A row over a documentary on injustices suffered by Afghan women suggests little has changed for them in the 10 years since the U.S-led invasion of Afghanistan and the promise to deliver freedom has remained just that – a promise.
According to a story published by the Evening Standard on Tuesday, the European Union has threatened legal action against a London-based filmmaker for allegedly showing a documentary it commissioned, exposing abuse experienced by Afghan women, without its permission.
“It is the women’s choice to tell their stories and I admire their clear-eyed courage. It is not for us to veto their voices,” Clementine Malpas, who is accused of breaching her contract, told the Evening Standard.
Malpas was hired by the European Initiative for Democracy and Human Rights to highlight the the plight of women jailed for “moral crimes”, known as “zina” in Farsi, who make up half the prison population. Their “crimes” are usually committed when trying to flee from domestic violence, including abuse from male relatives.
Two Afghan women risked their safety, and gave Malpas consent to tell their stories of life under the Afghan justice system in the documentary entitled In-Justice. But just 24 hours before the film’s release, the EU blocked it, in what it said was an effort to protect the women’s identity.
The Evening Standard says officials wanted to keep the waters calm in their already fragile relationship with Afghanistan’s judiciary.
IN THE NEWS
After being raped and impregnated by her husband’s cousin, Gulnaz, 19, was jailed for adultery for 12 years with her baby girl, while Farida, 26, was also jailed for the same offence after escaping from her abusive husband.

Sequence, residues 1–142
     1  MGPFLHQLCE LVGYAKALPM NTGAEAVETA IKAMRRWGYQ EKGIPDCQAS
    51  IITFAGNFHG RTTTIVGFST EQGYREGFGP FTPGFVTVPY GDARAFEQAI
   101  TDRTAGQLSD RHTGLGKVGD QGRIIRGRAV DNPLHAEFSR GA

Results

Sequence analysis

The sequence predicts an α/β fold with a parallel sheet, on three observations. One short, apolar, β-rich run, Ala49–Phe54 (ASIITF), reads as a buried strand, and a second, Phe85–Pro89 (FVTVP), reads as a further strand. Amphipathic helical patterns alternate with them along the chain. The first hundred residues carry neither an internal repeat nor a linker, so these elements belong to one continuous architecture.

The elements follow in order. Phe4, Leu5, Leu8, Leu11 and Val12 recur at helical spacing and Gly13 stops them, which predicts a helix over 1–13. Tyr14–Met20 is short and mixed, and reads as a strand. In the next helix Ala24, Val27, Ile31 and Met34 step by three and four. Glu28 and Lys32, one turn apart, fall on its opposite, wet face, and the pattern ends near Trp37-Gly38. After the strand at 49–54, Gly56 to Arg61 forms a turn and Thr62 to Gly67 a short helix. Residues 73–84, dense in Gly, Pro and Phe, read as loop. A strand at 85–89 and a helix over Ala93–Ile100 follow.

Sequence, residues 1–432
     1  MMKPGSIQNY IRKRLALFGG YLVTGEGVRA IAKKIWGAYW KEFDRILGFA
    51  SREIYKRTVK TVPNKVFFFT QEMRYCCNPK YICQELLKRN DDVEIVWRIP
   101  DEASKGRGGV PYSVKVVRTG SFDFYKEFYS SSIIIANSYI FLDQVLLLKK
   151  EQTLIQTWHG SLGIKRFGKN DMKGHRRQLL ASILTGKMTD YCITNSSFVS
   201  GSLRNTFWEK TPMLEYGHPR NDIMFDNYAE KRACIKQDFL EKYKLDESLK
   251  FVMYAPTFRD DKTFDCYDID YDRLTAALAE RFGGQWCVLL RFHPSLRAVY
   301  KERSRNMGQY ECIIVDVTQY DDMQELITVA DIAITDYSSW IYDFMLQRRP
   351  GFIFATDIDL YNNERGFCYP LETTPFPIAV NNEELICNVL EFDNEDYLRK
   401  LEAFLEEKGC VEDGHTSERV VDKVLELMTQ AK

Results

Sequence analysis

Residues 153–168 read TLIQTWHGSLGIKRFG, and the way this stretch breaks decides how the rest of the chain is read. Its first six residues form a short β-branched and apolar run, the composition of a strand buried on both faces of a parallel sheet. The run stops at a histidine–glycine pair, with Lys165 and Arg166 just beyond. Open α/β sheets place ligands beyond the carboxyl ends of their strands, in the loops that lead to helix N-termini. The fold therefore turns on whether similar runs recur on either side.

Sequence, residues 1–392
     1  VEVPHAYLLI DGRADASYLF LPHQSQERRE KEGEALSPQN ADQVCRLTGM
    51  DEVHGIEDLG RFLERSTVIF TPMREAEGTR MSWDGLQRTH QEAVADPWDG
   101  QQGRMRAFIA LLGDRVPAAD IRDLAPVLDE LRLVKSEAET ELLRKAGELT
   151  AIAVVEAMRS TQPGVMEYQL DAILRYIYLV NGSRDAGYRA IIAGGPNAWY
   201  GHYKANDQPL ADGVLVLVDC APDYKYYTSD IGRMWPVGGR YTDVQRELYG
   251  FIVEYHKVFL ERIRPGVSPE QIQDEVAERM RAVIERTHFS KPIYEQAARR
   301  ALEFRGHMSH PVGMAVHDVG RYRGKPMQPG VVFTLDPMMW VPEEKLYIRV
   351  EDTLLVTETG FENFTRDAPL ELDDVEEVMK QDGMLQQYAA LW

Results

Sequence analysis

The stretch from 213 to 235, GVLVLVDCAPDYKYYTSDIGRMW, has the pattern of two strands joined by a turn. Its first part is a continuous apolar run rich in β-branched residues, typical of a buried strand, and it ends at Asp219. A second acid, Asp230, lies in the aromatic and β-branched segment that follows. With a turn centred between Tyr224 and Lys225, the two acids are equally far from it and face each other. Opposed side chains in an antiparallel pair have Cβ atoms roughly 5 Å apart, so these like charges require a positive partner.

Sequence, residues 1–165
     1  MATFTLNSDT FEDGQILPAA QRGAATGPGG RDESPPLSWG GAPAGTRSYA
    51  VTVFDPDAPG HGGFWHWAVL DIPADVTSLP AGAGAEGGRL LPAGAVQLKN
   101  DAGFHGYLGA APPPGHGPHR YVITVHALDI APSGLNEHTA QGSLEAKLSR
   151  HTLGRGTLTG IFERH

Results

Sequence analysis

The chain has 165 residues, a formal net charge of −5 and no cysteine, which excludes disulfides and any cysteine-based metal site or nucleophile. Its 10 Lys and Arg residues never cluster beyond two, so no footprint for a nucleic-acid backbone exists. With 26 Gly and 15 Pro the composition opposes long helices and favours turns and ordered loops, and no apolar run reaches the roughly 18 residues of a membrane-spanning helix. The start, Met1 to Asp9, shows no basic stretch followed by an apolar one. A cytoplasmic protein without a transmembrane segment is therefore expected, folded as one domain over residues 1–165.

It seems surprising that an international institution committed to women’s rights should take such a stance. But the EU insists it is only protecting these women who – ironically – have been all over the news for the past week.
Critics say the film should be shown to draw attention to a system that discriminates against women, and banning it only highlights the failure to improve the rights of Afghan women.
Gulnaz may be freed after only one and a half years because she has agreed to marry the rapist – a condition offered by the judge for an early release.
Britain’s Times newspaper reported that, during filming, Gulnaz openly resisted the idea of marrying her rapist but after more than 18 months behind bars with her child, she consented, though she remains in prison while her papers are being processed.
The Times quoted Gulnaz’s rapist as saying the EU had “done a good thing” by banning the film.
“I had no choice,” Gulnaz told the Times. “I did it for my daughter.”